In November 1915 Freud wrote one of his most beautiful, albeit extremely short, texts: 'On Transience'. This text, consisting of a dialogue between Freud and a poet whom we now know was Rilke, is a rumination on the meaning and implications of transience in our life: does transience rob life of its value and meaning, or does it add to that value? In this article I explore the reflection on the passing of time that 'On Transience' suggests: how the passing of time interacts with our attribution of meaningfulness and shapes our approach to life. The article also deals with the tension between repetitiveness and the uniqueness or specificity of objects within time, and explores the question of the persistence of value, especially literary value, in the face of time and transience, and the link between death and literary creation. Finally, the article refers to the immediate historical context of this reflection on the ephemeral, namely the destruction brought about by war.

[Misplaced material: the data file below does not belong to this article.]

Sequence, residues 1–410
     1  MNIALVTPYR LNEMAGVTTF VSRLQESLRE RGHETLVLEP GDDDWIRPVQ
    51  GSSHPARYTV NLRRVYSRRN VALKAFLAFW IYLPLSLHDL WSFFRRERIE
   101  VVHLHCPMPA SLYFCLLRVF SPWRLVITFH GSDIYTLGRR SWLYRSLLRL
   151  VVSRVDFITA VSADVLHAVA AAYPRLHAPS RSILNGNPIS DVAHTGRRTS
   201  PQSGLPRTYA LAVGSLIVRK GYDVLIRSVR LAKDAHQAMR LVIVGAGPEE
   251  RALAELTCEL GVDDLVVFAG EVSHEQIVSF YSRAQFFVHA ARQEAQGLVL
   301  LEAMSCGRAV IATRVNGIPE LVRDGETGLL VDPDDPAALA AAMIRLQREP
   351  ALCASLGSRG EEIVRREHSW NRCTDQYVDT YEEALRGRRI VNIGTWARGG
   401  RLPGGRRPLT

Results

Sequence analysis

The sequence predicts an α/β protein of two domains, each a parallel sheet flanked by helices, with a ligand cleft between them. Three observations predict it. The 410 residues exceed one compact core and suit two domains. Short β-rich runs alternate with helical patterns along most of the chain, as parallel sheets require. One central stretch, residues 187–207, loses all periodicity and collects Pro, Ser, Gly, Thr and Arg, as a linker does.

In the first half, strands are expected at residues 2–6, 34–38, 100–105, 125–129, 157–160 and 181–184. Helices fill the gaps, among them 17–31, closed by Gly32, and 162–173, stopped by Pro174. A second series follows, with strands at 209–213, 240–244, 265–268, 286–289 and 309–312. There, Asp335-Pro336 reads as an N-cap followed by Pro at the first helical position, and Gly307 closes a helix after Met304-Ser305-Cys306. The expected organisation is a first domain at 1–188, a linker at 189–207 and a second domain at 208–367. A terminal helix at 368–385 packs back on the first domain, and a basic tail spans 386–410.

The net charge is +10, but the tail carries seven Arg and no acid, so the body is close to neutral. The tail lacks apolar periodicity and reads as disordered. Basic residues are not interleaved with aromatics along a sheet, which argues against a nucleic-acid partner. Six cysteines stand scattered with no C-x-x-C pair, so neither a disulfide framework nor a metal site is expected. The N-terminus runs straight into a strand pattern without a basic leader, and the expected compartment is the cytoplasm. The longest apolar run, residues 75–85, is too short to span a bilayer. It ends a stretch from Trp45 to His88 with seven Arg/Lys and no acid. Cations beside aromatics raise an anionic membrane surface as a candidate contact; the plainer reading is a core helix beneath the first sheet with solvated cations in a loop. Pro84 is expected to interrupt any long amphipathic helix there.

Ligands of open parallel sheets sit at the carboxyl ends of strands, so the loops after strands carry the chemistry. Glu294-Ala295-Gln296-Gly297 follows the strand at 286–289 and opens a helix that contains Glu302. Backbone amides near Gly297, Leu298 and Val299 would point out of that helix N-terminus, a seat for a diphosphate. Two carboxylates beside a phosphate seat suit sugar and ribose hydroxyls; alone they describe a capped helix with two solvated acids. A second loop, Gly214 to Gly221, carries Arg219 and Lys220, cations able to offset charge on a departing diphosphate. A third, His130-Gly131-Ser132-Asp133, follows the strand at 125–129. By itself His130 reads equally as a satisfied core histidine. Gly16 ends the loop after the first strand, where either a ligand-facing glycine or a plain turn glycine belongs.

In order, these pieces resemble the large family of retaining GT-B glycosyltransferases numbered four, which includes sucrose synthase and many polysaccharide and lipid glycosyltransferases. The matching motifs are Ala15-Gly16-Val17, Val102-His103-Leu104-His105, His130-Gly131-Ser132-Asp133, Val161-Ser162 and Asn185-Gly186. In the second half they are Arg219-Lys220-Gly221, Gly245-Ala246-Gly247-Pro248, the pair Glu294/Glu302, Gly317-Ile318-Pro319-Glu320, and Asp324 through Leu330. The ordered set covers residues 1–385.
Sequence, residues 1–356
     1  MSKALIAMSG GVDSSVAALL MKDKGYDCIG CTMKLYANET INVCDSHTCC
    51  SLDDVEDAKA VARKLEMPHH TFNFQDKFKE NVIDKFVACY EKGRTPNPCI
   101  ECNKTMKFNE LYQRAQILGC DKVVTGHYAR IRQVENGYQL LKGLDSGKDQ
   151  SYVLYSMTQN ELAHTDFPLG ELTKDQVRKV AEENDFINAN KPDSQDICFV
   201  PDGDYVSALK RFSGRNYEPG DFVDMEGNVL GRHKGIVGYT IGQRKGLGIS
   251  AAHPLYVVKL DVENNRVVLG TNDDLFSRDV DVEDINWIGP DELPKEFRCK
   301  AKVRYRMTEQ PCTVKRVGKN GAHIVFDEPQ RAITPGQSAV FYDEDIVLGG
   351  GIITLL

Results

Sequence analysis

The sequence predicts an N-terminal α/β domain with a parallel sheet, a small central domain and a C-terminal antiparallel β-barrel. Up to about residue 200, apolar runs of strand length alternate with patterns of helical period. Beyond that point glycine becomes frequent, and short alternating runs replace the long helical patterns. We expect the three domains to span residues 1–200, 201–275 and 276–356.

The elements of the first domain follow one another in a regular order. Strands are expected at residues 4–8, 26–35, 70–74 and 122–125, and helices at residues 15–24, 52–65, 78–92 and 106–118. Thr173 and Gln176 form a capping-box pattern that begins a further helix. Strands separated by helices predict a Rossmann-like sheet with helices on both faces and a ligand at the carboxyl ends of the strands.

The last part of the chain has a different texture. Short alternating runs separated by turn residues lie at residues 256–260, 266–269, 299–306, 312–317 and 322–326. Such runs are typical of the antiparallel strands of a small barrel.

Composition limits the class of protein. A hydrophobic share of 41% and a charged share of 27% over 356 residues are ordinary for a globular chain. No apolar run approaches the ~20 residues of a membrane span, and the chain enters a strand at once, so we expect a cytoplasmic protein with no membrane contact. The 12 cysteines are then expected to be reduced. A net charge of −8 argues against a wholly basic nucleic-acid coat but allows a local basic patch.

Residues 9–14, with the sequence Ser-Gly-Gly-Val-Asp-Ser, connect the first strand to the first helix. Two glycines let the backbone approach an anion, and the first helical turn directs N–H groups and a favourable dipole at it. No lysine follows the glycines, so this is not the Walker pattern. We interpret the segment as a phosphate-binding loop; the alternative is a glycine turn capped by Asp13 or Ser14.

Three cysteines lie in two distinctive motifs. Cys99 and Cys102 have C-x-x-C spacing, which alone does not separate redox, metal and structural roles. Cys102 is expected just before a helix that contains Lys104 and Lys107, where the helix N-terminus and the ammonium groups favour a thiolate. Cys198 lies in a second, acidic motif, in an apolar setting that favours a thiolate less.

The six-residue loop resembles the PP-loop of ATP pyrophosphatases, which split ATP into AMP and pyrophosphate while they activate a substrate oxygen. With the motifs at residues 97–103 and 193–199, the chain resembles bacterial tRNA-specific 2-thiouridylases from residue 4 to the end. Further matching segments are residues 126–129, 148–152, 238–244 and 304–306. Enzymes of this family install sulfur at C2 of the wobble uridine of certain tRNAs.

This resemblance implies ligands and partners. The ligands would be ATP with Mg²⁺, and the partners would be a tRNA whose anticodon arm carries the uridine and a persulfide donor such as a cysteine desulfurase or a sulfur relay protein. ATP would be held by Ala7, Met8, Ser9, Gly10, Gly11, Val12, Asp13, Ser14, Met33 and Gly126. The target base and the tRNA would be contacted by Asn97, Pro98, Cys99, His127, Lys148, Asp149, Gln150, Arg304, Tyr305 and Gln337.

Bibliographical notePublisher Copyright:
© The Author 2015. Published by Oxford University Press for the Court of the University ofSt Andrews. All rights reserved.
- First World War
- Rainer Maria Rilke
- Sigmund Freud